Review: Daughter of the Pirate King by Tricia Levenseller

July 7, 2017 Diversity 0, Reviews 1 ½

Review: Daughter of the Pirate King by Tricia LevensellerDaughter of the Pirate King by Tricia Levenseller
Series: Daughter of the Pirate King #1
Published by Feiwel & Friends on February 28, 2017
Genres: YA, YA Fantasy
Pages: 320
Format: ARC
Source: print ARC from the publisher
There will be plenty of time for me to beat him soundly once I’ve gotten what I came for.

Sent on a mission to retrieve an ancient hidden map—the key to a legendary treasure trove—seventeen-year-old pirate captain Alosa deliberately allows herself to be captured by her enemies, giving her the perfect opportunity to search their ship.

More than a match for the ruthless pirate crew, Alosa has only one thing standing between her and the map: her captor, the unexpectedly clever and unfairly attractive first mate, Riden. But not to worry, for Alosa has a few tricks up her sleeve, and no lone pirate can stop the Daughter of the Pirate King.

Diversity Rating: 0 – What Diversity?

Racial-Ethnic: 0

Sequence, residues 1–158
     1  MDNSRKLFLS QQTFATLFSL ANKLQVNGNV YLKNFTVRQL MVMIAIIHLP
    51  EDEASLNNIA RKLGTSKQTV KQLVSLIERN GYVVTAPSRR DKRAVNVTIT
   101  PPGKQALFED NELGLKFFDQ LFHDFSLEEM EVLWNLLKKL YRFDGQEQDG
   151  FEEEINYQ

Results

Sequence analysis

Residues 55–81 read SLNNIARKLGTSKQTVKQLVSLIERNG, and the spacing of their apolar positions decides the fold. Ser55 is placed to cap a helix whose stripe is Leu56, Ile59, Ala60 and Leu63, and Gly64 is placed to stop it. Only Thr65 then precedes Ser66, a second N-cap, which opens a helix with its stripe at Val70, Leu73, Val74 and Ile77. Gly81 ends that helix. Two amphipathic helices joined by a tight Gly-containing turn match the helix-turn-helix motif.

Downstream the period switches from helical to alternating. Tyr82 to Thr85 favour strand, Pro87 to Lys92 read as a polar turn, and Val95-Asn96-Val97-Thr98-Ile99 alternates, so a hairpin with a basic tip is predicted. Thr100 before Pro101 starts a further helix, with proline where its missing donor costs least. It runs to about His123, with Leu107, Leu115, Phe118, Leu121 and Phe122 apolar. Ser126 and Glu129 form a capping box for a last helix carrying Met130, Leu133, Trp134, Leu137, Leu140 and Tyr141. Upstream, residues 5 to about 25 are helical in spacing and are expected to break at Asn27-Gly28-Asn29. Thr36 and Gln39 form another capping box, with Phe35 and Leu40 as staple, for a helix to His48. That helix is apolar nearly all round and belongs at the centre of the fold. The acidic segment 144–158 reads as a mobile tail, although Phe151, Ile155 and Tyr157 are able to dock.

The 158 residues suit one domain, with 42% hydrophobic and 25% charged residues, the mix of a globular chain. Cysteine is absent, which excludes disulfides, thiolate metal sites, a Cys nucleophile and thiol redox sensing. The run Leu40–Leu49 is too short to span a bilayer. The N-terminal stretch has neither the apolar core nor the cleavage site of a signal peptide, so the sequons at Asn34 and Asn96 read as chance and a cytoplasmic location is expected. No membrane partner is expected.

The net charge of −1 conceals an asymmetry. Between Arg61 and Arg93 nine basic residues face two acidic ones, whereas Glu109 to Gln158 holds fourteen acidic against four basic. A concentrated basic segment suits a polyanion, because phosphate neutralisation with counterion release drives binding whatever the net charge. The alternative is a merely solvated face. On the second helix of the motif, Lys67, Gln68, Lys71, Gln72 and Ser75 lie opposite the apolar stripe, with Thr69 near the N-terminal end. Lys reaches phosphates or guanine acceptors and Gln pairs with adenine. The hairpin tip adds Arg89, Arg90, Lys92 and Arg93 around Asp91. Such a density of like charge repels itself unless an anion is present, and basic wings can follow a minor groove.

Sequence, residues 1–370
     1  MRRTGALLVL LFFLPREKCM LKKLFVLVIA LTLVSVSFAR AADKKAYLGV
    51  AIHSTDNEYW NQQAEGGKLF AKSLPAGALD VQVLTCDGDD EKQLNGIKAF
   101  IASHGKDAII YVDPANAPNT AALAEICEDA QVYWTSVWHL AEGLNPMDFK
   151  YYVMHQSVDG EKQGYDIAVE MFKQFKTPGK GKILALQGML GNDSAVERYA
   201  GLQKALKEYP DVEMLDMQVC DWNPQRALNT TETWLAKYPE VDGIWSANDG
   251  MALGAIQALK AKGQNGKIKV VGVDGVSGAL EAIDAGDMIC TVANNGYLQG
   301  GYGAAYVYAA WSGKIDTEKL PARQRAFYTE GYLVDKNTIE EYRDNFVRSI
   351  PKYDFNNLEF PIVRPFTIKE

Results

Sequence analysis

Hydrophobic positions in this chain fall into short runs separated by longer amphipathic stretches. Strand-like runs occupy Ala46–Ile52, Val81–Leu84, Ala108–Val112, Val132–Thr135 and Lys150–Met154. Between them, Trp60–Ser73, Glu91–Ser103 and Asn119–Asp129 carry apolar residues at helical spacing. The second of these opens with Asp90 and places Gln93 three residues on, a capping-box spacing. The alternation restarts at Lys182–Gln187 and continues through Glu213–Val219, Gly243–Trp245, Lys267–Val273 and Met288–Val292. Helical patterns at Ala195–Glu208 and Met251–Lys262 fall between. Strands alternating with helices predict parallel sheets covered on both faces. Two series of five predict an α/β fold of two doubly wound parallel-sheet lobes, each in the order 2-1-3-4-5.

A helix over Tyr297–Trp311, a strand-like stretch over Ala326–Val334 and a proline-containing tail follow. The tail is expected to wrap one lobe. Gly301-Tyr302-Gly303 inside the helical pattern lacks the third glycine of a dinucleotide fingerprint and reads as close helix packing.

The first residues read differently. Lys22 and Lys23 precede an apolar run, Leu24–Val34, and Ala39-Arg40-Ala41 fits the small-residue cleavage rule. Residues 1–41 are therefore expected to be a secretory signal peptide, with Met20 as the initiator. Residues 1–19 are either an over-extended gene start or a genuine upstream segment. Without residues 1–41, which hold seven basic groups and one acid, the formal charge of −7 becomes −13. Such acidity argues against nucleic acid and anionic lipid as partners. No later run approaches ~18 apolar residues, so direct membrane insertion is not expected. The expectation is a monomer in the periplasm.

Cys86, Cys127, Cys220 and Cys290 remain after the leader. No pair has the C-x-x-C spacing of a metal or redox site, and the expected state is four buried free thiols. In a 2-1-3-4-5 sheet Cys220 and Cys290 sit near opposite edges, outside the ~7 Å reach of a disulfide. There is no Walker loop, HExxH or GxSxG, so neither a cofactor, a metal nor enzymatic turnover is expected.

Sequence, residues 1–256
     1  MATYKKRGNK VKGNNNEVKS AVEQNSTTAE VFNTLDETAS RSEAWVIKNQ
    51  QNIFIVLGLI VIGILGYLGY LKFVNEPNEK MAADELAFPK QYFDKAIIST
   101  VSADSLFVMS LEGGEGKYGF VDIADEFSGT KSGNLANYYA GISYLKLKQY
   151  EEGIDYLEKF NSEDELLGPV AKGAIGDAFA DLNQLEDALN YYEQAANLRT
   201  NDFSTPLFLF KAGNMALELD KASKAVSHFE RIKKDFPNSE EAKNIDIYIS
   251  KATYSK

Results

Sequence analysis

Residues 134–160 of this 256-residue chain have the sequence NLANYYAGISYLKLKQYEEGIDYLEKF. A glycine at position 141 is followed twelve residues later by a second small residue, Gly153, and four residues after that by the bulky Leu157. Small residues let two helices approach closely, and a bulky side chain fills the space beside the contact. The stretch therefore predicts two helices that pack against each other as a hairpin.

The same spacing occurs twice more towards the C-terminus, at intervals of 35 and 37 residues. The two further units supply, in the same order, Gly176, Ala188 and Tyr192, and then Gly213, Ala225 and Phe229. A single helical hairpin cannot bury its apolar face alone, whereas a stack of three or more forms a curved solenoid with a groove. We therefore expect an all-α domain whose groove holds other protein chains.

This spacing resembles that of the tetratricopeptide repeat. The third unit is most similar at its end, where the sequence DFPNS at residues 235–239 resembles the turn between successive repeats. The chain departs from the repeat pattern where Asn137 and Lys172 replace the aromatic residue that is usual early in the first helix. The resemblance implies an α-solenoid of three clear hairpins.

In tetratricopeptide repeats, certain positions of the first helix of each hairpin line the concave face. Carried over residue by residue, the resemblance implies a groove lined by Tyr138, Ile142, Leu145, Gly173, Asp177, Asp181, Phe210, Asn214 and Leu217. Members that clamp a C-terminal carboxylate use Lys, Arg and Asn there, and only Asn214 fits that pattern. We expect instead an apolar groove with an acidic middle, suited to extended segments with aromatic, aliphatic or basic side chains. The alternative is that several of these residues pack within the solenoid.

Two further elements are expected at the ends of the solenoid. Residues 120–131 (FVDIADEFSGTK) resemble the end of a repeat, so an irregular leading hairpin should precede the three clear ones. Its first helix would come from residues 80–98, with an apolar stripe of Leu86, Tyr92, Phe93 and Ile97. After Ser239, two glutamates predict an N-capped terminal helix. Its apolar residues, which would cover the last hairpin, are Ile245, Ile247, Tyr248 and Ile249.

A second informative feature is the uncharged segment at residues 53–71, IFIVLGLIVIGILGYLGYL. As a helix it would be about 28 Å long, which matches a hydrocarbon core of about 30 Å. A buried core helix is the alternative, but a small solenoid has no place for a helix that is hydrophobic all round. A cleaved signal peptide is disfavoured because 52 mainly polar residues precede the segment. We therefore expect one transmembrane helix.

QUILTBAG: -5 (the single gay character is a villain and he dies; also, the book’s magic system relies on everyone ever being heterosexual)
Disability: 0
Intersectionality: 0

Is it really so much to ask for if I want a YA fantasy novel free of rape threats and with no superpartiarchy in place? I know there’s plenty of YA fantasy like that out there, but I’m particularly bad at finding them and/or finding them interesting enough to read. I’m a bit fond of pirate books, so why wouldn’t I expect Daughter of the Pirate King to be fun for me?

It wasn’t, reader. It was fun until it got h*ckin homophobic, as @dog_rates might say. Then it wasn’t fun anymore.

The first chapter hooked me pretty well. Alosa being a fearless pirate very willing to kill people, her secret plan to steal a map fragment from her captors while she lets them keep her hostage–that’s the kind of stuff I like to see. She immediately conformed to the Fiery Redhead character archetype, but I had hopes her character would develop. Sadly, it doesn’t, and for being such a clever pirate, it takes Alosa a long time to consider some obvious hiding places on the ship or think about any hidden ones.

Honestly, I was genuinely entertained for most of Daughter of the Pirate King. The content is far from outstanding, but it’s enough to occupy you when you need to whittle some time away. The characters are flat and do a serviceable job fulfilling their roles, such as Draxen being the minor antagonist; Alosa and Riden’s romance is uninteresting but not in-your-face enough to annoy anyone who isn’t into it.